At the controls of the jet was a veteran pilot. He was assisted by two experienced flight officers. However, none of the three had ever flown over the South Pole.
Unknown to the pilot and officers, someone had accidentally modified the flight coordinates by a mere two degrees. That does not sound like much, but that error placed the aircraft 28 miles east of where the pilot and crew thought they were.
As they approached Antarctica, the pilot descended to a lower altitude to give the passengers a better look at the landscape. With the correct coordinates, that would have been fine. However, the aircraft's drift off course placed them directly in the path of a mountain. An active volcano that rises from the landscape to a height of more than 12,000 feet.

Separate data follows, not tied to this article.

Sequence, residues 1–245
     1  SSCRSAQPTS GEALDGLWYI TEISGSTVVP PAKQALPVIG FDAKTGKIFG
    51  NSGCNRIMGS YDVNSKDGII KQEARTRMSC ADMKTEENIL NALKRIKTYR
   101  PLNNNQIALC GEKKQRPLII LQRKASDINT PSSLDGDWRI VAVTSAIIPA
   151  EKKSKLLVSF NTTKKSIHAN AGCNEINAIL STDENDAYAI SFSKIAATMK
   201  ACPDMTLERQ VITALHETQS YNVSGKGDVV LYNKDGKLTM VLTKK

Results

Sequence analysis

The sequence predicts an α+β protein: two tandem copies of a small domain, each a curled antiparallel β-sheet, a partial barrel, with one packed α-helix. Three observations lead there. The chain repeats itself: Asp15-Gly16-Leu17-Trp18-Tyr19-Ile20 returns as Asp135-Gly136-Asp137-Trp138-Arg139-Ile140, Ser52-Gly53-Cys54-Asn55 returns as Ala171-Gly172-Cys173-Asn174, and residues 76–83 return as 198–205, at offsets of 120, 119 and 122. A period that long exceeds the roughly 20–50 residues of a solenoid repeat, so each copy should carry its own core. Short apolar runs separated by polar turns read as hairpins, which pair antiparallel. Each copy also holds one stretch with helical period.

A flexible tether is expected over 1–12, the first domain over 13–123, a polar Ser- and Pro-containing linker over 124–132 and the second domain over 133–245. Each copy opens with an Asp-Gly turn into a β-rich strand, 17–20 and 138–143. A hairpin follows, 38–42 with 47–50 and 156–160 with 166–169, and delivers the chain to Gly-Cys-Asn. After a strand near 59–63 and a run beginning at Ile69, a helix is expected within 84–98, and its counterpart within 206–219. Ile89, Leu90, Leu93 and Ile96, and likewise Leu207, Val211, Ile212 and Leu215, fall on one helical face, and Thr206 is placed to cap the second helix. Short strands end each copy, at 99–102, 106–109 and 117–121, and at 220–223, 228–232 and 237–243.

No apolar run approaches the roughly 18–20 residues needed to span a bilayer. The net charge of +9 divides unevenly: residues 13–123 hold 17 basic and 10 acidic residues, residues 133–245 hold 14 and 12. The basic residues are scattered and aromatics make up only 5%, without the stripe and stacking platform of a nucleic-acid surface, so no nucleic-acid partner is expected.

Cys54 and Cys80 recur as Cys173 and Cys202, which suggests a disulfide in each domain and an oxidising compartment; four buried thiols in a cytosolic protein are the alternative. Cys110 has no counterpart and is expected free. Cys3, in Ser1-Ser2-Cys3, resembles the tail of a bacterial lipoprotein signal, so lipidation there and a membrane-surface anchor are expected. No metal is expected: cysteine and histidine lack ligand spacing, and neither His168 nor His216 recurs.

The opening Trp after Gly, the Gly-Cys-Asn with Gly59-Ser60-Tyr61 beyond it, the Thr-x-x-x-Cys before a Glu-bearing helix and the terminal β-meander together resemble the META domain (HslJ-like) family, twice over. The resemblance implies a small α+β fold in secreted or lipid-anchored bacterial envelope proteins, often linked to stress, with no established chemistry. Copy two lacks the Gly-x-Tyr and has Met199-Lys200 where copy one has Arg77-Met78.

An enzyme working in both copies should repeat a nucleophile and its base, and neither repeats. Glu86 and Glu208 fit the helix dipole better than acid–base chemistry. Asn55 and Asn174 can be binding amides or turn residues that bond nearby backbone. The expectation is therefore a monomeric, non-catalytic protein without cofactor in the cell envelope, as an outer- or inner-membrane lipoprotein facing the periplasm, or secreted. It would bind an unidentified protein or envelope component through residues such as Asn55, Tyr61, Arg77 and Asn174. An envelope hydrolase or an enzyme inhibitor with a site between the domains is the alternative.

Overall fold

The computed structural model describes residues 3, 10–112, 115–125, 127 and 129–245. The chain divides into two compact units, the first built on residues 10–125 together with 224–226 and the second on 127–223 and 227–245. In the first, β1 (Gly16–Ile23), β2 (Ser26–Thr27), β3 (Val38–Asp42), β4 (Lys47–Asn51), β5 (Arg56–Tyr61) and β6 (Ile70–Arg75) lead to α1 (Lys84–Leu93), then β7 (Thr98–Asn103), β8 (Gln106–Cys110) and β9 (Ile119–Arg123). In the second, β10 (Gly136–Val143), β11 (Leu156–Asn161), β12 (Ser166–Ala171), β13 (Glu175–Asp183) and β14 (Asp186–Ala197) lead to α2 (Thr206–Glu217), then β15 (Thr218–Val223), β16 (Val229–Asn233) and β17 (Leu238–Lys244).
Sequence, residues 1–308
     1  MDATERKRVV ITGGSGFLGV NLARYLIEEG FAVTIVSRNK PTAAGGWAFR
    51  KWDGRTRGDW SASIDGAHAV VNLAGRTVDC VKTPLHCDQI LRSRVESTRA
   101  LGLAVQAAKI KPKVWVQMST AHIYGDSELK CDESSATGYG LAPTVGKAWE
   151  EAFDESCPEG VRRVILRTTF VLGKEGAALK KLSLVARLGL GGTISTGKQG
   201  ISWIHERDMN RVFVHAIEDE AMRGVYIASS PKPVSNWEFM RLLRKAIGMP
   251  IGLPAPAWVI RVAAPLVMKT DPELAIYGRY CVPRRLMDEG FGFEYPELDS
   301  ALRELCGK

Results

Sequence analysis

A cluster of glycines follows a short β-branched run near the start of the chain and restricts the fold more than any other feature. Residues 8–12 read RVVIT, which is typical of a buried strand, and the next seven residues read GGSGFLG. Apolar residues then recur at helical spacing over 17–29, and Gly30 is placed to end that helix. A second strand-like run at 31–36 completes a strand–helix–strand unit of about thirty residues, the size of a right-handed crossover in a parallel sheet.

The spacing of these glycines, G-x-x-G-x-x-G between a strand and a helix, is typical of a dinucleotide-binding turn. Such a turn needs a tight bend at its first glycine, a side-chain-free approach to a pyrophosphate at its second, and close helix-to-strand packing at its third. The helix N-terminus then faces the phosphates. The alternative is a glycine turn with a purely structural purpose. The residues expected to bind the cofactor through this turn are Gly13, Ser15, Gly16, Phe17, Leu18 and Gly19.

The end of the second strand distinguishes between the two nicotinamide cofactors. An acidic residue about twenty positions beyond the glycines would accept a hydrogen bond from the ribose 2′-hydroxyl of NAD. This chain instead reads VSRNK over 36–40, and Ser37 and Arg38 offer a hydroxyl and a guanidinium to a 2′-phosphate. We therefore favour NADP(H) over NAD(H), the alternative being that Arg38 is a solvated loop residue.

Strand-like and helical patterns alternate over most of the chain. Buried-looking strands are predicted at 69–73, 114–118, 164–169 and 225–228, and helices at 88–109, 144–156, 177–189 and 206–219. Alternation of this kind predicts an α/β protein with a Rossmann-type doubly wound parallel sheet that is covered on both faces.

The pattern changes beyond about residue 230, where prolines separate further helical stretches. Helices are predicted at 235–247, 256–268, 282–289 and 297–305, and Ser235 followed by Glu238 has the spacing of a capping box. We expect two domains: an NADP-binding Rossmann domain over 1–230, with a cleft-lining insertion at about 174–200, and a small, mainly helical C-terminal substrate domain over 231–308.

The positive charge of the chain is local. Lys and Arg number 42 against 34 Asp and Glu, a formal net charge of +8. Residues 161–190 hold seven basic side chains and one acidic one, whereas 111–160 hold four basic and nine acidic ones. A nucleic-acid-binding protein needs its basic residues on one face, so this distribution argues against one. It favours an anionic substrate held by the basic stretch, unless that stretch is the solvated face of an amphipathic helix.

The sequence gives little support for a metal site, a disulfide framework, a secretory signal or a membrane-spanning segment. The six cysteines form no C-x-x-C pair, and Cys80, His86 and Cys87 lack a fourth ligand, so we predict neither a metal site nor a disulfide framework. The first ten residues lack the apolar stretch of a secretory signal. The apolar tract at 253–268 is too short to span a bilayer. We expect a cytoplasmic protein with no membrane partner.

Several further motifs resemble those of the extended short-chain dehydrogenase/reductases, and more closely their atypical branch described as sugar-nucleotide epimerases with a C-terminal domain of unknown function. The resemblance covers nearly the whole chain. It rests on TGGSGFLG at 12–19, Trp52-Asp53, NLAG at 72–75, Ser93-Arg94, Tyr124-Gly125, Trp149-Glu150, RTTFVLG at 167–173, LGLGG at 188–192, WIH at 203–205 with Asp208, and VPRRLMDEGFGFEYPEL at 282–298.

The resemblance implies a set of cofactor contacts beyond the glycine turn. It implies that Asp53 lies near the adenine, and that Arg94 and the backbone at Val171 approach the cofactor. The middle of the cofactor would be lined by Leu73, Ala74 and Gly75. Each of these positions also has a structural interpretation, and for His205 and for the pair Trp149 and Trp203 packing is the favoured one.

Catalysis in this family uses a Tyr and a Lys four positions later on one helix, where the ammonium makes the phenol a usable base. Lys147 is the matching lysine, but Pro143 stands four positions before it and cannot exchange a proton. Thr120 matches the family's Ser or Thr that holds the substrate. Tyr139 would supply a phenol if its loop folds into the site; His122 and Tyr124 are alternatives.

As the pilot flew, the white of the snow and ice covering the volcano blended with the white of the clouds above, making it appear they were flying over flat ground. By the time the instruments sounded the warning that the ground was rising fast toward them, it was too late. The plane crashed into the side of the volcanic mountain, killing everyone on board.
What happened was a terrible tragedy brought on by a minor error. A matter of only a few degrees. The point being that spiritually, we cannot afford to be off even a little bit in how we live. Otherwise the result can be devastating.
Paul knew that, which is why he worked so hard to persuade Christians to stand firm and stable. Which is what Paul himself did, and that does bring us to today’s passage. As mentioned, the passage begins with verse 24 of chapter 1 of the Book of Colossians.
Verse 24. “Now I rejoice in my sufferings for your sake.”
That is the first part of the verse. The two keys words are rejoice and sufferings.